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Almost $750 Million saved by medical technology equivalent to extra 20,000 nurses
Almost $750 Million saved by medical technology equivalent to extra 20,000 nurses

Dec 11, 2017 by Administrator

Coronary angioplasty, used to open blocked...

Job Opportunity - Clinical Specialist - Critical Care - Minneapolis, MN Minneapolis
Job Opportunity - Clinical Specialist - Critical Care - Minneapolis, MN Minneapolis

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Clinical Specialist - Critical Care ...

Building Human-Centric Brands
Building Human-Centric Brands

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Organs-on-Chip with Tiny Electrodes Sense Electrical Activity

Posted on Jun 16, 2017 by Administrator

Organs-on-Chip with Tiny Electrodes Sense Electrical Activity

Organ-on-chip technology promises to help speed up and improve research on how potential new drugs will interact with the body’s own organs. Additionally, it may alleviate the need for in-animal studies that can be difficult to perform and that too often produce misleading results. Organs-on-chip are essentially specialized microfluidic devices within which living cells are grown, supported, and experimented on. The cells can be closely monitored as their environment is manipulated. Yet one major challenge has been the difficulty of using organ-on-chip devices to study electrically active cells, such as those involved in generating electrical signals in the heart and neurons that drive our nervous systems.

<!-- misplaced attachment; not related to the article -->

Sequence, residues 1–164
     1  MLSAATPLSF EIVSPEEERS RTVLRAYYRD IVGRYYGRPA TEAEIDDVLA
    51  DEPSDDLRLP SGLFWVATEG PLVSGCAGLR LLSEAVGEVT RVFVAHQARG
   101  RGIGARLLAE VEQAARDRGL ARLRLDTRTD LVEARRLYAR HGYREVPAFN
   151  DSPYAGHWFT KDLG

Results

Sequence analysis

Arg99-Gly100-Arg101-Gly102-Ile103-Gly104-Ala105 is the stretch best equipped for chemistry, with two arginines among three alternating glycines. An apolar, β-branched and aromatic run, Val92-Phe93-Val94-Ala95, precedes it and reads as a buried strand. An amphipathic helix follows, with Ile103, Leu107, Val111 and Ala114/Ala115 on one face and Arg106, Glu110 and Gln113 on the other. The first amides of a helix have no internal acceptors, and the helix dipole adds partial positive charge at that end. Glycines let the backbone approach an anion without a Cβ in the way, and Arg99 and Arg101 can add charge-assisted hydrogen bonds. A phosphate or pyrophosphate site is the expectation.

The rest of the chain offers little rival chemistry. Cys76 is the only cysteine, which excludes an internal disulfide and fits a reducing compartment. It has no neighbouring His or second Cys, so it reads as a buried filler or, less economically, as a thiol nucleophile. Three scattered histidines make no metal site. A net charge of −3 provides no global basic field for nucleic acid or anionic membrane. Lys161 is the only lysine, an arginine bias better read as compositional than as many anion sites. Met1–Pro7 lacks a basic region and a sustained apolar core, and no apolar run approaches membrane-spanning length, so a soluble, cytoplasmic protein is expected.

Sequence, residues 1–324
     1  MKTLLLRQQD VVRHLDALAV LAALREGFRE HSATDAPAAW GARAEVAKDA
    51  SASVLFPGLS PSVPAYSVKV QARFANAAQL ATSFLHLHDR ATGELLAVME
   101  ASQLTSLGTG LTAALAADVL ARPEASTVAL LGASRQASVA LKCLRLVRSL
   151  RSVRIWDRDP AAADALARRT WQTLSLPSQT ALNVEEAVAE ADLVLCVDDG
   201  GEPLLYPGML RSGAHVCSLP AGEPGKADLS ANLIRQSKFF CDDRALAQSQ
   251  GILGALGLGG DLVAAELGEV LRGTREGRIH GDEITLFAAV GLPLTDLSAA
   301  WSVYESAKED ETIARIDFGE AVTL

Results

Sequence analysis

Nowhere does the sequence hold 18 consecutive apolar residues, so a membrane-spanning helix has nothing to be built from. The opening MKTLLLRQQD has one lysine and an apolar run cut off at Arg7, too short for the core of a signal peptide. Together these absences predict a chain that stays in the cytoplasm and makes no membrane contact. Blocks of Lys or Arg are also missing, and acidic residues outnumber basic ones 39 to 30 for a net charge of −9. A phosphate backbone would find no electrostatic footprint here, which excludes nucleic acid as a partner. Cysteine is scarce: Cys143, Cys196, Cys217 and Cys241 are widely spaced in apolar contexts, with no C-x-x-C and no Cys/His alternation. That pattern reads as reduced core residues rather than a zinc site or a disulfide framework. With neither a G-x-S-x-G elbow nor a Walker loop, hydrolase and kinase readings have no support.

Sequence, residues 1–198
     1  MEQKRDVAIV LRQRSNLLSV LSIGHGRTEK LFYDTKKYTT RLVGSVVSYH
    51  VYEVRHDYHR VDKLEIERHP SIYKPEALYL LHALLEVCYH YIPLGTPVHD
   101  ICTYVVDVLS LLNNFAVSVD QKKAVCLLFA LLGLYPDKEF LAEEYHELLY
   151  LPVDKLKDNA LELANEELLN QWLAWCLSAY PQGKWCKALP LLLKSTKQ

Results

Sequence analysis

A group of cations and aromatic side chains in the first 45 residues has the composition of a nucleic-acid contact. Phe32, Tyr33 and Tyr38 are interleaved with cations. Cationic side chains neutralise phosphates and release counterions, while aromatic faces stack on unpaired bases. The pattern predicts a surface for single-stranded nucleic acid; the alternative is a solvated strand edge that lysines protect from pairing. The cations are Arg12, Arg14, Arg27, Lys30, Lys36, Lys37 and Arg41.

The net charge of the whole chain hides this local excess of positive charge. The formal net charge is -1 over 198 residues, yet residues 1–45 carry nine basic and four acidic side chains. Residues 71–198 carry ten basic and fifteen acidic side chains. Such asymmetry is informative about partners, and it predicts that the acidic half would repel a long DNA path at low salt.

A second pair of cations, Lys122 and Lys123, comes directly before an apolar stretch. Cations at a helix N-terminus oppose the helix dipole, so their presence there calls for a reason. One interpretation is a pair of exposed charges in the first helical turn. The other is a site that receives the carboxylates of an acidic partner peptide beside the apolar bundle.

At the Wyss Institute for Biologically Inspired Engineering researchers have now developed a way of integrating tiny electrodes into organ-on-chip devices to measure the cells’ transepithelial electrical resistance (TEER), an important parameter that can reveal a lot about the state of the measured cells and tissues they comprise.

The researchers hope that their electrode design will serve as a standard to perform organ-on-chip experiments whose results can be compared and related to others. “Using a new layer-by-layer fabrication process, we created a microfluidic environment in which TEER-measuring electrodes are integral components of the chip architecture and are positioned as close as possible to the tissues grown in one or both of two parallel running channels,” in a statement said Olivier Henry, Ph.D., a Wyss Institute Staff Engineer who was the driving force behind the new Organ Chip designs. “In contrast to past electrode designs, this fixed geometry allows accurate measurements that are fully comparable within and between experiments, and that tell us exactly how tissues like that of lung or gut mature within a channel, keep in shape and break down under the influence of drugs or other manipulations.”

 


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